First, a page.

Celebrating community in Canada’s North

Almost 50 years ago, as a Lutheran synod staff person, I worked with representatives of Anglican, Presbyterian and United churches to create a viable model for church-planting across northern Canada. What started as the Leaf Rapids Ecumenical Parish in Manitoba has now been adapted to other isolated mining, mill-town and petroleum industry-support locations across the vast northern expanse of our nation.

Communities like Slave Lake (located in the boreal forest of northern Alberta, about 250 km north and west of Edmonton but south of the Arctic and sub-Arctic tundra regions) lie well beyond the more heavily populated regions of southern Canada. Centres like Slave Lake and Fort McMurray have been in the news more recently because of huge forest fires that have ravaged them.

Mainline Canadian churches have developed differing ecumenical mission arrangements in different settings, but a basic principle tends to apply in all locations. The goal is to support a functional ministry that would be impossible for individual denominations to accomplish on their own.

Many ecumenically supported congregations like Slave Lake follow a call-pattern of rotating clergy from the co-operating denominations or are grateful when a suitable candidate from any of the support-churches is available. Living under these conditions can be both challenging and enriching for pastor and people alike. While they may appear quite similar from the outside in terms of spirituality and theology, they can range broadly in ministry practice from high-church Anglican through the more congregational United Church.

My wife, Marlene, and I recently had an opportunity to experience ecumenical church worship with our northern family in a unique way this past Christmas Eve at the St. Peter Ecumenical Church of Slave Lake—an Anglican, Lutheran and United Church of Canada shared ministry.

For one thing, we have never celebrated Christ’s birth in a location so close to the North Pole!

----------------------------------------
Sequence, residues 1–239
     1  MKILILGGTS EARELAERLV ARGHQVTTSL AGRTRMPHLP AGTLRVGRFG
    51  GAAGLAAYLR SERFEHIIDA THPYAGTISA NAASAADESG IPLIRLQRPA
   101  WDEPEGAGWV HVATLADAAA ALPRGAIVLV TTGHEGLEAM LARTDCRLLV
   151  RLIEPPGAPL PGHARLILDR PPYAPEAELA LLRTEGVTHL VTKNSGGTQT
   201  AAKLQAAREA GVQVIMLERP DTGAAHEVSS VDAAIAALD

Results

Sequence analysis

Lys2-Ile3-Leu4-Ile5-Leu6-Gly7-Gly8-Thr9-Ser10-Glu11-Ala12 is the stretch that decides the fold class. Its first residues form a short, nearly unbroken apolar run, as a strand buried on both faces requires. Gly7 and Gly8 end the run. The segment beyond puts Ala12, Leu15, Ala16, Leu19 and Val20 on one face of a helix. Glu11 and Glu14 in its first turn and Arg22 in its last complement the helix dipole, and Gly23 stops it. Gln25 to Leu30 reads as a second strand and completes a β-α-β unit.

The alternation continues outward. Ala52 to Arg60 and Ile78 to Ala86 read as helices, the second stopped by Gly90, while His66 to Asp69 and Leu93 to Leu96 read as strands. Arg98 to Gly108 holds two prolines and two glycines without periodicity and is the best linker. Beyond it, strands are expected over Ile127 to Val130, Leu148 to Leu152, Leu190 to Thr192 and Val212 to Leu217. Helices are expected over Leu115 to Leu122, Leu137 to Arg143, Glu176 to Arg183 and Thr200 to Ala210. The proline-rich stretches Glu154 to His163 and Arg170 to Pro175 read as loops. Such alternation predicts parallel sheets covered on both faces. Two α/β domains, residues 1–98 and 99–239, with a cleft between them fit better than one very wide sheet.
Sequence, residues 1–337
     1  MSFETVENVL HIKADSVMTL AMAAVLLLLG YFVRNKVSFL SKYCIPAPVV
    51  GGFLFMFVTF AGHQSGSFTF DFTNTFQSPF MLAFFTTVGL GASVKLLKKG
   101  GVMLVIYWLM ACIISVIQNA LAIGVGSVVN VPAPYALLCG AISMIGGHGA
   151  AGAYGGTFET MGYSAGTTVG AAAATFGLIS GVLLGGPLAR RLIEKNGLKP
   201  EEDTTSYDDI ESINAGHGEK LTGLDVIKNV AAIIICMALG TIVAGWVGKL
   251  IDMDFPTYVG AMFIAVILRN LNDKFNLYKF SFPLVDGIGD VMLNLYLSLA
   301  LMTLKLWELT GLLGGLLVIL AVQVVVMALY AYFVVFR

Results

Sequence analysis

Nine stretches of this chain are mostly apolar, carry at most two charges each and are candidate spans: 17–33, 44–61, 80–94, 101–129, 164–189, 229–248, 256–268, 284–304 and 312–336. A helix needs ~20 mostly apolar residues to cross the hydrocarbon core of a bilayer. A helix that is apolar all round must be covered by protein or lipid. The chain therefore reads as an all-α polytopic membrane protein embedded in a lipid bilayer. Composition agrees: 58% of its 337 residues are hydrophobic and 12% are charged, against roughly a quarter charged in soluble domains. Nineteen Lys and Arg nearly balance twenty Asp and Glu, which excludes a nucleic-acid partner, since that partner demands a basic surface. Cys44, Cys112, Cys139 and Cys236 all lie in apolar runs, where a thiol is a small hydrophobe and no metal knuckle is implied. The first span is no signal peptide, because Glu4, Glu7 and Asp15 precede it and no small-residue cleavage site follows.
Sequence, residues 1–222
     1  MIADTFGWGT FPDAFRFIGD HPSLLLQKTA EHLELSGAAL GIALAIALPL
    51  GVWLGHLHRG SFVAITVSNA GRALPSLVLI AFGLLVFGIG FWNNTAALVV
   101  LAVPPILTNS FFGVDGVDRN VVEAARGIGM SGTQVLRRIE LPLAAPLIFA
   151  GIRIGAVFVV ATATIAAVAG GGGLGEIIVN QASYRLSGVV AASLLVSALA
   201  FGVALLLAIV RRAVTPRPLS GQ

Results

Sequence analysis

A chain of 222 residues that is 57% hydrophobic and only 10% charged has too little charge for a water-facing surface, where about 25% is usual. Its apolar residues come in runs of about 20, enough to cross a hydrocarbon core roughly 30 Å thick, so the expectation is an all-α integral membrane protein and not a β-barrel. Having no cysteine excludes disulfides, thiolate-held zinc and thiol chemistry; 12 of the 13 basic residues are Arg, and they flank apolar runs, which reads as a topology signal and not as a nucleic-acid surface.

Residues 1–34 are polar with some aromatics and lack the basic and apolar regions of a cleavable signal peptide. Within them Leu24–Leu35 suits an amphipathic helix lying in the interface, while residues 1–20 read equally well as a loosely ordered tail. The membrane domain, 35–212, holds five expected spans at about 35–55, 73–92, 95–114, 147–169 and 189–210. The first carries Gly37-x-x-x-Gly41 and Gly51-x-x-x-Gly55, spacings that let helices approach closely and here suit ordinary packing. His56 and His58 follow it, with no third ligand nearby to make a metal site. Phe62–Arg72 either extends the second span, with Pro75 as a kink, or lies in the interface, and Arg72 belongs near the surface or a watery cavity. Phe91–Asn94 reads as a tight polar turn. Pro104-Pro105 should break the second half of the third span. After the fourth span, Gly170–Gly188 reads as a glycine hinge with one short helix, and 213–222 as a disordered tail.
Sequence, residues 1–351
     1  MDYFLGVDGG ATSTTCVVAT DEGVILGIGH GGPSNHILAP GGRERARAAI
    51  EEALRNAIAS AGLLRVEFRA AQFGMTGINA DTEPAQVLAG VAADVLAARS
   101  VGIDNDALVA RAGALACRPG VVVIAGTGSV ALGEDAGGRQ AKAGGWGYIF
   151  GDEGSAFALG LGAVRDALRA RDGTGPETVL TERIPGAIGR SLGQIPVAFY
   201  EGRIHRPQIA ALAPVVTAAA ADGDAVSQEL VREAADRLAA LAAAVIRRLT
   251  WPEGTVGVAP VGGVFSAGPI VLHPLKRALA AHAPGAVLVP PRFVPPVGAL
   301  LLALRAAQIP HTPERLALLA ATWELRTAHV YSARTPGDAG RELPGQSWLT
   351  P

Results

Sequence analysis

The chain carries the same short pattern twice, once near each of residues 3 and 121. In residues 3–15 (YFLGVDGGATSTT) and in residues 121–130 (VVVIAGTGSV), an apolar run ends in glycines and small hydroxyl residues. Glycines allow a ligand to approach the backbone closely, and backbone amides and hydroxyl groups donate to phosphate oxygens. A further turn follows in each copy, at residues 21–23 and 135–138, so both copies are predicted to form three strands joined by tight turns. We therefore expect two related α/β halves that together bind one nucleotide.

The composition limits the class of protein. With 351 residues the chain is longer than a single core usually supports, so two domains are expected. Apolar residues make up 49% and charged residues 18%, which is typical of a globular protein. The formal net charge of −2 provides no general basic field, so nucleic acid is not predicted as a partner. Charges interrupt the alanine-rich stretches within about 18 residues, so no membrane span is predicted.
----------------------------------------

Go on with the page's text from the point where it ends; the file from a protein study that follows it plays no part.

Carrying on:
As newcomers to this congregation, we recognized things that the regulars might miss due to familiarity. Here are just a few observations.

It was Christmas Eve, and worship with candlelight at St. Peter’s held special meaning for people living in a cold climate with limited daylight. They seemed drawn together, both through worship and fellowship, in a way we in the South might not always experience. We felt welcome here at the time of the equinox.

Much could be said about the warm, big-hearted, invitational spirit of the incumbent (or presiding minister), the Rev. Dr. Blessing Shambare, who officiated seamlessly as priest, pastor and minister. Blessing and his family came to Canada from the Anglican Church in Zimbabwe after extensive missiological education in South Africa. Unquestionably, liturgical leadership reflected his Anglicanism while preaching-style evidenced his African cultural heritage. I hope to get to know Blessing better the next time we visit.

Our experience of St. Peter Ecumenical Church this past Christmas Eve was a special grace for me. It took me back to hopes and visions half a century old. It encouraged me to dream of even greater possibilities for what the future of the church in Canada holds. 

Wayne A. Holst was a Lutheran pastor (ELCIC) for 25 years. He taught religion and culture at the University of Calgary for a quarter century and co-ordinates adult spiritual development at St. David’s United Church, Calgary.
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Colleagues List, Vol. XIV. No. 27, January 20, 2019

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